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Lament of the dypthong

Posted by Lotg on October 19, 2003

Yes yes, I know, I have know idea how to spell it. And because I can't spell it, I can't look it up. I've tried various possible spelling combinations, and also searched through Greek and Latin dictionaries, but to no avail.

I realised my problem when I was lamenting the loss of the dypthong??? to a friend, after my 10 year-old stepdaughter asked me why I spelt encyclopaedia the way I did. I explained that when I went to school the 'a' & 'e' were joined in such words as this and Aesop, Vitae, etc. etc. And that these are dypthongs. I also explained that 'ae' (stuck together of course) is pronounced differently to 'a' or 'e' on their own, but we've lost all that over time.

But it was then to my horror I realised, that while I grew up with the term I had no idea how to spell it. Nor did I know whether it was originally latin, greek or whatever?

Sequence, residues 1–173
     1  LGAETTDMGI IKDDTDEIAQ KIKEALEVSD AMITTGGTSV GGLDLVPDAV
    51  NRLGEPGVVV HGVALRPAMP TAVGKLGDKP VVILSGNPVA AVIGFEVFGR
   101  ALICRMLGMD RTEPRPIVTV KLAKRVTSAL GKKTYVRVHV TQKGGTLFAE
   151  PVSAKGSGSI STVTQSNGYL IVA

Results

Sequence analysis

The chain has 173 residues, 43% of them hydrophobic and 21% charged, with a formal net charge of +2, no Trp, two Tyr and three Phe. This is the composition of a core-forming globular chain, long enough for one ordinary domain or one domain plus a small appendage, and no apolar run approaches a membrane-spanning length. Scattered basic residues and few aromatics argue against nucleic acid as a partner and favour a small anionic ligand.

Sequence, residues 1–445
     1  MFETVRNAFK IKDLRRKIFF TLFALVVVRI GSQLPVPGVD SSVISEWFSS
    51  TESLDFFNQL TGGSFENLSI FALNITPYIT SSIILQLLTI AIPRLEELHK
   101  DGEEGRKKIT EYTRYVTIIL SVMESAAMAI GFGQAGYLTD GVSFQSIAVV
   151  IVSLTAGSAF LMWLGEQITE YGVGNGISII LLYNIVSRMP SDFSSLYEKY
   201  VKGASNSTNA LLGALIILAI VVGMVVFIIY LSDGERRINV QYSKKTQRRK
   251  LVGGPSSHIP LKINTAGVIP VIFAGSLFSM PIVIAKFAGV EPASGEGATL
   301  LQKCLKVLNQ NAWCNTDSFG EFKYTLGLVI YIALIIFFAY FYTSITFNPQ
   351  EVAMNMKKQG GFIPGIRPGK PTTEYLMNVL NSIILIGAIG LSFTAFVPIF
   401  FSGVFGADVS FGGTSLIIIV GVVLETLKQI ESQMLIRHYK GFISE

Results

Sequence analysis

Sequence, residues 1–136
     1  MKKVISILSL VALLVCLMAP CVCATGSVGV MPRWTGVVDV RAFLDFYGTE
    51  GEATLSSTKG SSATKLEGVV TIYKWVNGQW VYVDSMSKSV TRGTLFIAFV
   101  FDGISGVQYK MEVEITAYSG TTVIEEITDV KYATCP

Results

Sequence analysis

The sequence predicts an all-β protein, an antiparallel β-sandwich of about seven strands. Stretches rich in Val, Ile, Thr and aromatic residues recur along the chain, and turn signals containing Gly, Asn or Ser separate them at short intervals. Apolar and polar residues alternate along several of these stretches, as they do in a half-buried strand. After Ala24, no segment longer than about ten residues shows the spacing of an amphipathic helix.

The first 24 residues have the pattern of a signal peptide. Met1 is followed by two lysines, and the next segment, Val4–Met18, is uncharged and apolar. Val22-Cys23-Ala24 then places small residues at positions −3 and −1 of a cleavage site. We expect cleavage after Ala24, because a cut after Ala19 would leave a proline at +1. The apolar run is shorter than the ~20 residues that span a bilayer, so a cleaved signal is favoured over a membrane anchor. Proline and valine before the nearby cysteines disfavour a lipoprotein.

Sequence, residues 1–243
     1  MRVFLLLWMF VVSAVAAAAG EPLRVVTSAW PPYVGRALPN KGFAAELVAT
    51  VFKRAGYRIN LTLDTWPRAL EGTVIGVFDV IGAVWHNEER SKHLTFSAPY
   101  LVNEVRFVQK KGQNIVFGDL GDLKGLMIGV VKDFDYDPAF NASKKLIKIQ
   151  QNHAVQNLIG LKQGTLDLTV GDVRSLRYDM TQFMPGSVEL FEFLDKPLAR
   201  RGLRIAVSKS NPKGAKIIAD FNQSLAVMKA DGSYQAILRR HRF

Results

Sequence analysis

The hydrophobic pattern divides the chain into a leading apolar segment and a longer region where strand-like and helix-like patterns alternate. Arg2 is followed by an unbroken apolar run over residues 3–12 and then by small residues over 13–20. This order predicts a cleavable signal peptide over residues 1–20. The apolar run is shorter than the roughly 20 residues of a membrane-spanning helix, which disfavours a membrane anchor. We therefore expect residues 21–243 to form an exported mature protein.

So can someone please set me straight on this?

And I have to say, that while there are no longer practical reasons for such spelling, I'd really like them back. To me, words that use these 'dypthongs' look quite beautiful.

I can see the arguments for making the spelling of words more practical, but I often wish we could retain some romanticism in the spelling of words too. That's no doubt why I still refuse to drop the 'u' in colour, labour, etc and keep my 'r' before the 'e' in centre and theatre. And I wonder how long it will be before we lose the 'b' in 'doubt'.

I'm sure many current teachers would find my attachment to these now defunct or soon to be defunct words, tedious.

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